The Garden of Evening Mists is set in Malaya and is narrated by Teoh Yun Ling, a Straits Chinese woman who, at the beginning of the novel, has retired after a long and successful career as a Supreme Court Judge in Kuala Lumpur. Returning to the Cameron Highlands area of the Malayan Peninsula – a very special place for Yun Ling, being the site of both the garden of Yugiri (‘evening mists’) and her friends’ tea plantation, Majuba – she makes the decision to write her memoirs, even if that means remembering things she would rather forget.
In a series of flashbacks, we go back with Yun Ling to the 1950s, during a time of conflict known as the Malayan Emergency. This is when she first comes to Yugiri and meets its creator, Nakamura Aritomo, the former gardener to the Japanese emperor. Yun Ling hopes Aritomo will design a garden in memory of her sister but he refuses, offering instead to take her on as an apprentice so that she can learn how to do it herself. At first, she finds it difficult to be near Aritomo (she and her sister, Yun Hong, were both imprisoned in a Japanese camp during World War II) but as they work together in the garden Yun Ling slowly begins to come to terms with the traumas of her past.
This is the second novel by Malaysian author Tan Twan Eng and enjoyed a lot of success following its publication in 2012 – the book was shortlisted for the Booker Prize and won both the Man Asian Literary Prize and the Walter Scott Prize for Historical Fiction. Having now read it, I agree that it’s an excellent book and deserved its success. Until recently, I had very little knowledge of Malaya (or Malaysia as we now know it). Now I have read two books in two months (The Separation by Dinah Jefferies was the first) and I’m finding it a very interesting country to read about. The Garden of Evening Mists covers three different periods in the country’s history: the Japanese Occupation of the 1940s, the Emergency of the 1950s, and the more recent past, probably the 1980s, in which Malaysia is an independent country.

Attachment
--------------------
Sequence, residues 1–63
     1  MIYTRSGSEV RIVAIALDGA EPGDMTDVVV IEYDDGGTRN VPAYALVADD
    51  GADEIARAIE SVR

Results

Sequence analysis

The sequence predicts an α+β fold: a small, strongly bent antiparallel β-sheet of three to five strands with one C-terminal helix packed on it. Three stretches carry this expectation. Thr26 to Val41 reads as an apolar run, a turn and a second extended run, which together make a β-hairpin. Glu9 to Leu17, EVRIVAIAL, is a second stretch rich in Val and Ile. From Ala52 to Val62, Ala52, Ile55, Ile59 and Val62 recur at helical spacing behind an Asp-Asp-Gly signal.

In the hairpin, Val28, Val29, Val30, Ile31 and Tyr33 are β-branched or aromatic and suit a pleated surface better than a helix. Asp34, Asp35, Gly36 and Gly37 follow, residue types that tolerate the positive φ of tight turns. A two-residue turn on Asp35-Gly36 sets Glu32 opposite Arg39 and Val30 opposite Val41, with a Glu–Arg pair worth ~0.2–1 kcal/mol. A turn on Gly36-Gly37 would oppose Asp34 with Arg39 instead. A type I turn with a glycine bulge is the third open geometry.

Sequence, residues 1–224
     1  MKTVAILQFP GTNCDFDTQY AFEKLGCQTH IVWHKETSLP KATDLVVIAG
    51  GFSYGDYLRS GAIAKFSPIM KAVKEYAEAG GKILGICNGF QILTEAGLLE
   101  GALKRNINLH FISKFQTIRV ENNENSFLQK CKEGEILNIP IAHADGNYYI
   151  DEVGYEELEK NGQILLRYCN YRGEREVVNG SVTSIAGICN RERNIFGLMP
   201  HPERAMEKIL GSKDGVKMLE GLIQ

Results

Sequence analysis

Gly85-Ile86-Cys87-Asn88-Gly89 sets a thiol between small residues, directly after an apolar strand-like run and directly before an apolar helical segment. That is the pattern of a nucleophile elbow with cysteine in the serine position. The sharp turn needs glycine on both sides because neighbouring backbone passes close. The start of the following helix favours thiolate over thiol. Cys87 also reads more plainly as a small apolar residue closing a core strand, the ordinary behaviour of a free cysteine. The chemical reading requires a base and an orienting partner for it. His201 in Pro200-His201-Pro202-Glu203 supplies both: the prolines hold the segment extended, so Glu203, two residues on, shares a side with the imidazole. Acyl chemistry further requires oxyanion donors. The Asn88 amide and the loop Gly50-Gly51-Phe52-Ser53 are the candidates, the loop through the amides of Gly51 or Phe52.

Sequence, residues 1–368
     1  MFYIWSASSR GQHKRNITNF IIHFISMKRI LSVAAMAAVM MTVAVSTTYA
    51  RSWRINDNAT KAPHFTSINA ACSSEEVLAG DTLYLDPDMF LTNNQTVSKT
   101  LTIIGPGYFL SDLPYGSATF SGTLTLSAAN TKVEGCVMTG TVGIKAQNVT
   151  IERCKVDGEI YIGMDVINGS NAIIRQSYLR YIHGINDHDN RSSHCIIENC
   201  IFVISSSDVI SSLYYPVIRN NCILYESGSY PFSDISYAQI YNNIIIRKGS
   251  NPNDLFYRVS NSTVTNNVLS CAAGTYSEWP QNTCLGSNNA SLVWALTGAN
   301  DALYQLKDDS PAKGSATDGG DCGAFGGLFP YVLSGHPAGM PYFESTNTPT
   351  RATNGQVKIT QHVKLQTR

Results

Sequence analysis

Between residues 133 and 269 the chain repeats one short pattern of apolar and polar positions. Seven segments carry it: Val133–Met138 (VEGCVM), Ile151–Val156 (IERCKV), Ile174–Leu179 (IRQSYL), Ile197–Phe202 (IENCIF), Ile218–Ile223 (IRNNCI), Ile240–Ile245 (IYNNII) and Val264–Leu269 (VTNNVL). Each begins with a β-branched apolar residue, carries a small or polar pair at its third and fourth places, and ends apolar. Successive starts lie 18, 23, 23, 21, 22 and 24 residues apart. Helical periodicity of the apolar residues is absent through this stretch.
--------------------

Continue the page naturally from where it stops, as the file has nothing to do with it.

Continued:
We wait a long time to hear what exactly happened to Yun Ling and Yun Hong in the Japanese camp, but we do find out eventually – although certain details continue to be withheld or only hinted at. It’s understandable as this is Yun Ling’s own story to tell and she can choose what to say and not to say; some memories may be too painful or uncomfortable to bring to the surface. It was the wartime sections of the book that I found the most gripping and emotional, however. I was particularly moved by the story told by Tatsuji, a Japanese art collector who visits Yun Ling in the present day, about Japan’s kamikaze pilots.
This is not just a book about war and suffering, though. Gardening, as you might have guessed from the title, also plays a big part in the story. Gardens are usually peaceful places to sit or to walk – and reading about gardens feels peaceful too. I don’t have a lot of interest in gardening myself but I was fascinated by the descriptions of Yugiri and the techniques used by Aritomo to create illusions of depth and distance. He puts so much thought into where to place every rock, every stone. As well as gardening, Aritomo is also a master of other art forms including woodcuts (ukiyo-e) and tattooing (horimono), and these were interesting to read about too. Other aspects of Japanese, Chinese and Malaysian culture are also covered in the novel, such as storytelling and mythology. But most of all, this is a book about memory: memory and the act of forgiving and forgetting.
There are so many ideas and themes packed into this wonderful novel and I’ve only managed to discuss a few of them here. I haven’t even mentioned how beautifully written it is and how cleverly it is structured. As I read, I wanted to go back and read earlier passages again because things were taking on more and more meaning as more layers were revealed. It’s that sort of book.
I read The Garden of Evening Mists as part of A More Diverse Universe hosted by Aarti of BookLust. The event doesn’t end until Saturday 27th September so there’s still time for you to join in.